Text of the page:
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Volume 16, Issue 2: Recipio the Younger

New White Colonialism

Ben Merkle

The Episcopalian Church of the USA consecrated homosexual Gene Robinson as Bishop of New Hampshire in 2003. That same year the Bishop of Oxford in the Anglican Church attempted to appoint homosexual Jeffrey John as the Bishop of Reading. Although this attempt failed, the close call was enough to ruffle feathers throughout the Anglican communion and tensions have arisen once more as Jeffrey John has been recently put forward as Dean of St. Albans. In 2002, the New Westminster diocese of the Church of Canada recognized a same sex union, also causing a tremendous uproar within the Anglican communion.

These various inroads of sodomy within the Anglican Church are a small part of a much larger sodomite movement, but an odd complication has arisen in this particular arena for the homosexuals. In the unbelieving story, opposition to sodomite Bishops is supposed to be proof positive of homophobia, and generally synonymous with northern European, white power obsession. In the Ameri-pagan mind, those who object to practicing queer clergypersons are the folks who walk arm-in-arm with clansmen and uneducated snaggle-toothed rednecks. They are supposed to be the unenlightened persecutors of minorities. Only with the mightiest of efforts have the progressives managed to ignore the glaring problem of the Nigerian Church.
The Primate of Nigeria, the most Reverend Peter Akinola, has been at the front of the battle over sexual perversion, speaking out against the Anglican apostasy in no uncertain terms. When the Church of Canada gave her blessing to a sodomite union, the Nigerian Church officially severed communion with the diocese of New Westminster. But most significant is how Akinola cast the nature of the controversy.
Many of us from the two-thirds world feel that the global north still seeks to retain its disproportionate power and influence in our Church just as in the world. It is significant that those dioceses most tempted to indulge themselves with unilateral actions, taken without consulting the wider Communion, seem so often to be among those materially most advantaged and to be in the global north. Should this not occasion reflection? Do we not see here, in the ready assertion of superior wisdom, a new imperialism?
The Nigerian Church has continued to cast the European and American sodomite agenda as another wave of white colonialism. This is "a new imperialism." It's "colonialism" all over again. It is a white, European agenda being forced onto the African Church. Akinola noted that ". . . the rich Churches in Europe, America and Canada . . . have long used their wealth to intimidate the financially weak Churches in Africa."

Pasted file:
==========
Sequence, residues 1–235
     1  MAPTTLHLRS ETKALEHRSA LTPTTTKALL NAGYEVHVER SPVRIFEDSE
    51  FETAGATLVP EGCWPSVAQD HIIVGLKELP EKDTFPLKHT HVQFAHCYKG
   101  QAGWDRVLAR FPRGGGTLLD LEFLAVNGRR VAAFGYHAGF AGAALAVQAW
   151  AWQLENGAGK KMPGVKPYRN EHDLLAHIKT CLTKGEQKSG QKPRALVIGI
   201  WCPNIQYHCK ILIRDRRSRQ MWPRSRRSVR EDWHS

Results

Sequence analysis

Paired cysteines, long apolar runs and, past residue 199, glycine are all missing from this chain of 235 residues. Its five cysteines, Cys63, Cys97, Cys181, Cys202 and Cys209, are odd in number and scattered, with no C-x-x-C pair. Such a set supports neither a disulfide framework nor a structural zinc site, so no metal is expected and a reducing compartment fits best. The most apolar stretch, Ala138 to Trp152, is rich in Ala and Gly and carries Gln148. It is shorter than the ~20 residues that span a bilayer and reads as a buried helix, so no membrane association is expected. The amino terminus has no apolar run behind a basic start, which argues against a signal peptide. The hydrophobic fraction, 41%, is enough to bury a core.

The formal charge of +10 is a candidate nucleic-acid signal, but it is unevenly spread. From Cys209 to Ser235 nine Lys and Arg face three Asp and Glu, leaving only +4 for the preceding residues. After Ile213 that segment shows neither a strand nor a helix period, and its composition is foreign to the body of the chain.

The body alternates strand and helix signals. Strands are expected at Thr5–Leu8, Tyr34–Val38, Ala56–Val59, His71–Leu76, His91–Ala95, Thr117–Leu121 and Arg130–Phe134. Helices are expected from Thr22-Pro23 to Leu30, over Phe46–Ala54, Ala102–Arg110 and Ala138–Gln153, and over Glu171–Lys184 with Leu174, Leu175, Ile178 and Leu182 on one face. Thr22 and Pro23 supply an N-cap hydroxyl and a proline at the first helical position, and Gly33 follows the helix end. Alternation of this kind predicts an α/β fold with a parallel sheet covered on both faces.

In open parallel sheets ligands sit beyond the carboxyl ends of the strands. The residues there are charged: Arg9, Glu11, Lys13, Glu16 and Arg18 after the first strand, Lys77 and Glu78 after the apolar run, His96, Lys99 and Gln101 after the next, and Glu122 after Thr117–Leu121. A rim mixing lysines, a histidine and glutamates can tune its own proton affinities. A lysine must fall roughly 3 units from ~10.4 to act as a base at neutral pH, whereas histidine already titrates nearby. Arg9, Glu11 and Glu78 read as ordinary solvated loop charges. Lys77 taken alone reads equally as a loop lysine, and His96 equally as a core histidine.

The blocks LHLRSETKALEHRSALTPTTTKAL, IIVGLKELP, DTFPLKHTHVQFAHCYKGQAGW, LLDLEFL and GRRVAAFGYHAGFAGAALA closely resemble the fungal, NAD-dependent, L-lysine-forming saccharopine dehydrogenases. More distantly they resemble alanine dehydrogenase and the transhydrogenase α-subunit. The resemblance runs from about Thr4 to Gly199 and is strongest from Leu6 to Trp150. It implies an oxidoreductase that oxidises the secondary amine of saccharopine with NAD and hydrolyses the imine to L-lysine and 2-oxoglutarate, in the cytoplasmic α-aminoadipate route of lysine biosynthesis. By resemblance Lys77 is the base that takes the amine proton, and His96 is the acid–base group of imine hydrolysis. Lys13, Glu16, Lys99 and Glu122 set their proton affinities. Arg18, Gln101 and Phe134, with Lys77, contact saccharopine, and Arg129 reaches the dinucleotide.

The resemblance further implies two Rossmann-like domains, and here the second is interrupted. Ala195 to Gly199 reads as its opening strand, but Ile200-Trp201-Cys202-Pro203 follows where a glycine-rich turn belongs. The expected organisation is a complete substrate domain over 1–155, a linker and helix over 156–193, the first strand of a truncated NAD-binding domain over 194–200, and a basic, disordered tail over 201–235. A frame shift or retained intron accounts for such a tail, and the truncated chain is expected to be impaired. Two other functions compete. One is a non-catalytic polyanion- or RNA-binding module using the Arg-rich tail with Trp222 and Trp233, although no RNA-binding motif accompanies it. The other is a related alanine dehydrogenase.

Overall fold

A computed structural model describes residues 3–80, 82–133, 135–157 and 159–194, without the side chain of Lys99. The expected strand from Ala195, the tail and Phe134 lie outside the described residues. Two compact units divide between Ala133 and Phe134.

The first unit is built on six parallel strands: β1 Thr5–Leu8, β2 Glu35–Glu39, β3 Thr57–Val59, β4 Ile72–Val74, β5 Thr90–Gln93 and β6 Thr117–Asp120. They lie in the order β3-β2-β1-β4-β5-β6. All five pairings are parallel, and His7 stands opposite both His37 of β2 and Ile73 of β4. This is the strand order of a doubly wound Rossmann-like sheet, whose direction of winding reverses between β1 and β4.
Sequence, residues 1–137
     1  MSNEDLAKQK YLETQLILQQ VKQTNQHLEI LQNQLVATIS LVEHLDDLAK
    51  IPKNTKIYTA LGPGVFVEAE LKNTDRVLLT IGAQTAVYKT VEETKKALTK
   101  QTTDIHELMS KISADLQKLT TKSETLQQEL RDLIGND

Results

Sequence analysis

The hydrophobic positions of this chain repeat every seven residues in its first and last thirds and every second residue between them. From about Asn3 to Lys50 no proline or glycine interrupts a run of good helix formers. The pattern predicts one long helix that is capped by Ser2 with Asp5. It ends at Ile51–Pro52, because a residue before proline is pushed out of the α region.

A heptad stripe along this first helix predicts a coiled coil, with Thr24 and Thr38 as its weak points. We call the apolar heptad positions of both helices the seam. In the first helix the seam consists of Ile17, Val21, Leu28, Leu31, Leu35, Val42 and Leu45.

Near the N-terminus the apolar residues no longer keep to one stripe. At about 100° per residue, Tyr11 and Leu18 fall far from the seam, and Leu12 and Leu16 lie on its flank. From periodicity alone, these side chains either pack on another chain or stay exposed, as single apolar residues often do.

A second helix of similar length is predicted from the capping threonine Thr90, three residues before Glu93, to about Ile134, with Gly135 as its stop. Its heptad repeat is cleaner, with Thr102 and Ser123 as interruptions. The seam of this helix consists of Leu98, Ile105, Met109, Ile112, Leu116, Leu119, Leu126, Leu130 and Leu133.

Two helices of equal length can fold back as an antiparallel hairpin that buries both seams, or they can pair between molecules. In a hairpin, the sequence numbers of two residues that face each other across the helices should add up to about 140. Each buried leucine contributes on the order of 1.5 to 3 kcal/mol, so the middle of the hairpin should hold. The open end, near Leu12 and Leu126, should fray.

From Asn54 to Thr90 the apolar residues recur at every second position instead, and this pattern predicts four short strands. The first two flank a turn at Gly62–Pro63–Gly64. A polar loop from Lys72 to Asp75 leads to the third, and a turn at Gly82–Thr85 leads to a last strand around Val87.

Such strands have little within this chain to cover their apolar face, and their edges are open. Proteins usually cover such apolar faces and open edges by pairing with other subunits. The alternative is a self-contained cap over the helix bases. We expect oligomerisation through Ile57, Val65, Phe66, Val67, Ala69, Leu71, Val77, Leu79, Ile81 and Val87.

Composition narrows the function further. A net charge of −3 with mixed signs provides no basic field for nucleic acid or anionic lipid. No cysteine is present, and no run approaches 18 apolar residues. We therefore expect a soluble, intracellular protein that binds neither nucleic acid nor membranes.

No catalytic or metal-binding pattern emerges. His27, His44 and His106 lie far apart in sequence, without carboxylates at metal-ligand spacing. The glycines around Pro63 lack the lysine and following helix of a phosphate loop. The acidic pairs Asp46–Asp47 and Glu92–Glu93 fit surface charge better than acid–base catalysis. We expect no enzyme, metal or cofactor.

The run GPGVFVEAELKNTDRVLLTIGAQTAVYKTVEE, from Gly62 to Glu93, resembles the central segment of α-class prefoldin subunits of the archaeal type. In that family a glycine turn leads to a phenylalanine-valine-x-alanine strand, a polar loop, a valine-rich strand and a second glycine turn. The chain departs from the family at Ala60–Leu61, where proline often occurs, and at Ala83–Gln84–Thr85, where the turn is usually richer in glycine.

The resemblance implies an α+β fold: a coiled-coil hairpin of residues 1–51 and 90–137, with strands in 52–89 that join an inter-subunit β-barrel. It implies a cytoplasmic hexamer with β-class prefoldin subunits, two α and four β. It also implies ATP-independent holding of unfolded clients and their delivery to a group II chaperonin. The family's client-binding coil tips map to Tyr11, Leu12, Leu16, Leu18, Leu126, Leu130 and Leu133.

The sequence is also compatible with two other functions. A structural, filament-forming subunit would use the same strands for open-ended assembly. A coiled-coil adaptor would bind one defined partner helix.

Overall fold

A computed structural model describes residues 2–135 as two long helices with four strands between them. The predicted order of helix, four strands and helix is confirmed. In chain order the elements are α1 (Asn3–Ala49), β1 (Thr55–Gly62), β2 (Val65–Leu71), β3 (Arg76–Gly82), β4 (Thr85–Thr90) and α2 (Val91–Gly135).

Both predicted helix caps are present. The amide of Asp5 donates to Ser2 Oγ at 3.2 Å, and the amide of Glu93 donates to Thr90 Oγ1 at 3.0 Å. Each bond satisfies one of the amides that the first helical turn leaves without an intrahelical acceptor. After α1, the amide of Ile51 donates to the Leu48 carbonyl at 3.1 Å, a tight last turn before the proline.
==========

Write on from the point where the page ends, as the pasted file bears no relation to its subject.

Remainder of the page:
The homosexual debate has evangelicals hemming and hawing and trying to make their timid objections friendly, all the while knowing that no matter how many qualifications are made, they will still be portrayed as back woods fundamentalists. Akinola is immune to these concerns. He writes, "I cannot think of how a man in his senses would be having a sexual relationship with another man. Even in the world of animals, dogs, cows, lions, we don't hear of such things."
What an awkward position our liberal brothers are in. This is supposed to be a fight between the enlightened, open minded, educated progressives and the intolerant, ignorant, hatemongering Bible thumpers. But when the Church of Nigeria steps into the ring, propaganda gets tricky. How enlightened is it to call Africans ignorant? "Backward African bishops," as some have called them, really doesn't sound so enlightened. Things get trickier: of the 76.5 million members of the worldwide Anglican Church, 36.8 million are African.
It works to use nasty invectives against other whites. Mary Ann Sieghart vomited a tirade in the London Times against Peter Jensen, the Archbishop of Sydney, Australia and the movement begun in his diocese. Sieghart describes the Sydney Anglicans as "the most narrow-minded, puritanical and zealous brand of Anglicanism, a new puritanism." Sieghart attempts to lay the blame for the blocking of Jeffrey John's appointment on Jensen's shoulders, writing "It would not be too much of an exaggeration to say that it was Jensen's people who managed eventually to block the appointment of Jeffrey John as Bishop of Reading." Jensen is certainly a player, but his being singled out over the African Churches, is far more strategic than honest. You can call Australians "narrow-minded," because they're as white as the sodomites they oppose, and so are preferable as an enemy.
Akinola is certainly in a rhetorically privileged position, making him a powerful voice in the current fight. And his faithfulness in light of the privilege has been glorious. The most telling moment throughout this debate came quite recently. Several African churches, including both the Nigerian and the Kenyan have refused to receive money from any diocese recognizing sodomite clergy. The decision will have a major impact on the already impoverished Church. But unlike "principled" American tax objectors who make the hard decision of refusing to pay money, the Churches of Nigeria and Kenya are refusing to take money, just when it is most needed. Akinola explained the decision well: "We will not, on the altar of money, mortgage our conscience, mortgage our faith, mortgage our salvation."

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